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20 April 2022
Every high growth founder faces these 4 financial tests - this is how you pass them
Unsplash © Lindsay Henwood

Every high growth founder faces these 4 financial tests – this is how you pass them

In business, every growth story is unique. But there are some universal challenges - from funding to hiring and culture - that every founder must overcome.

It’s often these basic challenges that determine the success or failure of a business. Just look at how Peloton and The Hut Group (THG), once media darlings, were rocked by strategic missteps and poor corporate governance, seeing their market value plummet as a result.

Most businesses won’t get anywhere near the size of Peloton or THG if they don’t have the fundamentals nailed down early on. I’ve broken these fundamentals down into four key financial tests every high-growth business will face – and my top tips for overcoming them.

Spending investor cash sensibly

This might be difficult for some founders to hear, but it’s important: never forget that you’re spending other people’s money. Yes, your business is your baby, and selling off chunks of your company can be an emotional experience. But the reality is that your business is only afloat because other people believe in its potential.

This should have a bearing on how you choose to spend that money. Most founders are sensible enough to hold off on the private jets and helicopters (although not all), but there are still plenty of temptations – some that may even seem prudent at the time.

Your product is one such example. These days companies like to say they’re ‘product first’ – industry lingo that means investing time and money in new features and product development above all else. It’s a nice idea, but remember that you’re trying to build a business, not just a product.

Knowing when to ask for help

The early days of starting a business can be gruelling. But doing things yourself helps keep costs down and will give you a thorough understanding of your business that can serve you well for years to come.

Still, there will inevitably come a point when there are too many plates to keep spinning. A Chief Financial Officer (CFO), or Financial Director (FD), should be one of your first hires (the two terms are often used interchangeably).

Finance, along with the legal department, is one of the most specialised areas of a business. Once you progress to the point where you’re taking other people’s money, it’s risky to handle all of that yourself. But more than just being a buffer against risk, a talented CFO can be a major boon by acting as a window of communication between the founder and investors. Experienced financial professionals can advise founders on both sources of funding and how to make the business look more attractive to investors, potentially boosting your company’s valuation.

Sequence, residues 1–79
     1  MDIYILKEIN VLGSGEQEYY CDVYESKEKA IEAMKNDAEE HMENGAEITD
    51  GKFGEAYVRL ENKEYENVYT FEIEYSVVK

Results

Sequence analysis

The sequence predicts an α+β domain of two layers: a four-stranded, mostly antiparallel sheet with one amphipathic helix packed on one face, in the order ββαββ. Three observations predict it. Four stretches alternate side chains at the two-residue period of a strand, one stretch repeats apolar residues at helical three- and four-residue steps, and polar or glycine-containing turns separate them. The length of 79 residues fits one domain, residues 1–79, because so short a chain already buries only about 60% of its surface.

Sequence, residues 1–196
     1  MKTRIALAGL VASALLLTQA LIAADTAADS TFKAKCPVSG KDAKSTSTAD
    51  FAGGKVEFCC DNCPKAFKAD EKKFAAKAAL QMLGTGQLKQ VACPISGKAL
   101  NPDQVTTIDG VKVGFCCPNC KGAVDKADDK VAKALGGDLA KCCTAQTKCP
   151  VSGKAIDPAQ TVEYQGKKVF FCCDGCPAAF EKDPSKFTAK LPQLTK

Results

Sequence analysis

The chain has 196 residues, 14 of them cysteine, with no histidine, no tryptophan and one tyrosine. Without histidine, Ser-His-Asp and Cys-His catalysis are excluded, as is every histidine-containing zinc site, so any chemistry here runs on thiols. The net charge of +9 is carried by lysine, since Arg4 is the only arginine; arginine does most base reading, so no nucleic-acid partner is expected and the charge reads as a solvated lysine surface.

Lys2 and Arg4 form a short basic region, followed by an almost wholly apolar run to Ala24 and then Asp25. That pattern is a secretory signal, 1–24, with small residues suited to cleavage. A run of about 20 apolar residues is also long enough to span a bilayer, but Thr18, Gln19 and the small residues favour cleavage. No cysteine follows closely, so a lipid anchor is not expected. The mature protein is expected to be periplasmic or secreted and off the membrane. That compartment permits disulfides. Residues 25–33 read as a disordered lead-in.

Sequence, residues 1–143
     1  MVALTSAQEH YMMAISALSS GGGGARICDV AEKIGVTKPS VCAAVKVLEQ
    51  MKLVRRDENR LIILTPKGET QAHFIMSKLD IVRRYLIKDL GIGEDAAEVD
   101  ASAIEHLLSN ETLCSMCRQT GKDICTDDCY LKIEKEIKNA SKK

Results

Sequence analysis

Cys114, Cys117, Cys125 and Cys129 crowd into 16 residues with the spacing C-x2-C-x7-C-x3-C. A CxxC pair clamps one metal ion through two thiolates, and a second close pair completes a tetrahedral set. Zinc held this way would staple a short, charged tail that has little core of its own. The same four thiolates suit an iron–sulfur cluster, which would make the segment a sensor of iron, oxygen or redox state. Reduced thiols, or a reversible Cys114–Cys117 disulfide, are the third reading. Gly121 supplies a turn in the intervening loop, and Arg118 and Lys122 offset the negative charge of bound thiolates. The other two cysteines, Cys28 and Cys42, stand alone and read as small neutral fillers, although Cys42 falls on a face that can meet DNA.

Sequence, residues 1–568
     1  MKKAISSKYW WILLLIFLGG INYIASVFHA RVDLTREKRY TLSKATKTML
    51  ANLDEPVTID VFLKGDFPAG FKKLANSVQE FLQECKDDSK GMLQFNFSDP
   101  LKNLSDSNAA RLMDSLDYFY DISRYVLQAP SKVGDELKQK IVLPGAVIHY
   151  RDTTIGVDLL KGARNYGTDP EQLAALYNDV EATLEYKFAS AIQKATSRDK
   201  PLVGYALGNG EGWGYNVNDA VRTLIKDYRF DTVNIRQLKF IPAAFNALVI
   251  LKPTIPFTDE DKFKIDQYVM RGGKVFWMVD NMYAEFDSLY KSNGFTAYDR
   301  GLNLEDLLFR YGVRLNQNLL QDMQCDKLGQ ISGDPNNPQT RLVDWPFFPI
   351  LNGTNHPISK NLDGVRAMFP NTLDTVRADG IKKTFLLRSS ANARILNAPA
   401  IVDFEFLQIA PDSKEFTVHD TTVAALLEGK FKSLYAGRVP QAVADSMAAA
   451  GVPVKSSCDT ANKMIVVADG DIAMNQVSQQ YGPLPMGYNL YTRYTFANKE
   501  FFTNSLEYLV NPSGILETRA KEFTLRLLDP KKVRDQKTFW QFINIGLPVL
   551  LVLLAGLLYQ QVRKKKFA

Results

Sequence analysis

Hiring the right finance personnel

Deciding the right time to invest in financial talent is only half the battle. At an early stage, you may only have the resources to make a single, big-ticket, full-time hire. But there’s a risk that you end up in a kind of Goldilocks situation.

Hire an experienced head and they might get demotivated when carrying out basic administrative tasks. Hire fresh talent and they won’t have the experience to tackle complex financial decisions, and you won’t be able to trust them to handle key tasks independently.

That’s why I always advise businesses to hire senior financial experience on a part-time basis. Not only is this cheaper, but it will still ensure you have the appropriate resources available when you need them. You can spend the cash you save on a team of less experienced admins who can carry out rote tasks.

Fostering a culture of financial discipline

If there’s one thing I’ve learnt after 30 years of advising companies, it’s that the tone of financial discipline is set at the top. Communication is absolutely key. A founder who doesn’t communicate proper oversight on spending is risking their business running out of control.

Product development and finance teams should also be in regular communication and should be encouraged to help negotiate on spend. Encouraging negotiations between different business segments, rather than relying on the CEO to act as an intermediary, should contribute to a more collaborative environment.

Having trust in your finance team is an absolute must. They should be your sounding board and your voice of reason. Establishing a cadence of regular communication on financial issues and making sure other employees have a regular point of contact sets a precedent that can carry on as the business expands.

Get your finances in order – the rest will follow

Reinforcing your financial foundations may not have the allure of tinkering with products or jet setting to meet new customers. But it can be the difference between a mediocre valuation from investors and a great one. And for shareholders, that means a better payout on exit or IPO.

A healthy dose of frugality never hurts. The helicopters and private planes can come later.

Barbara Spurrier is founder and CEO at CFPro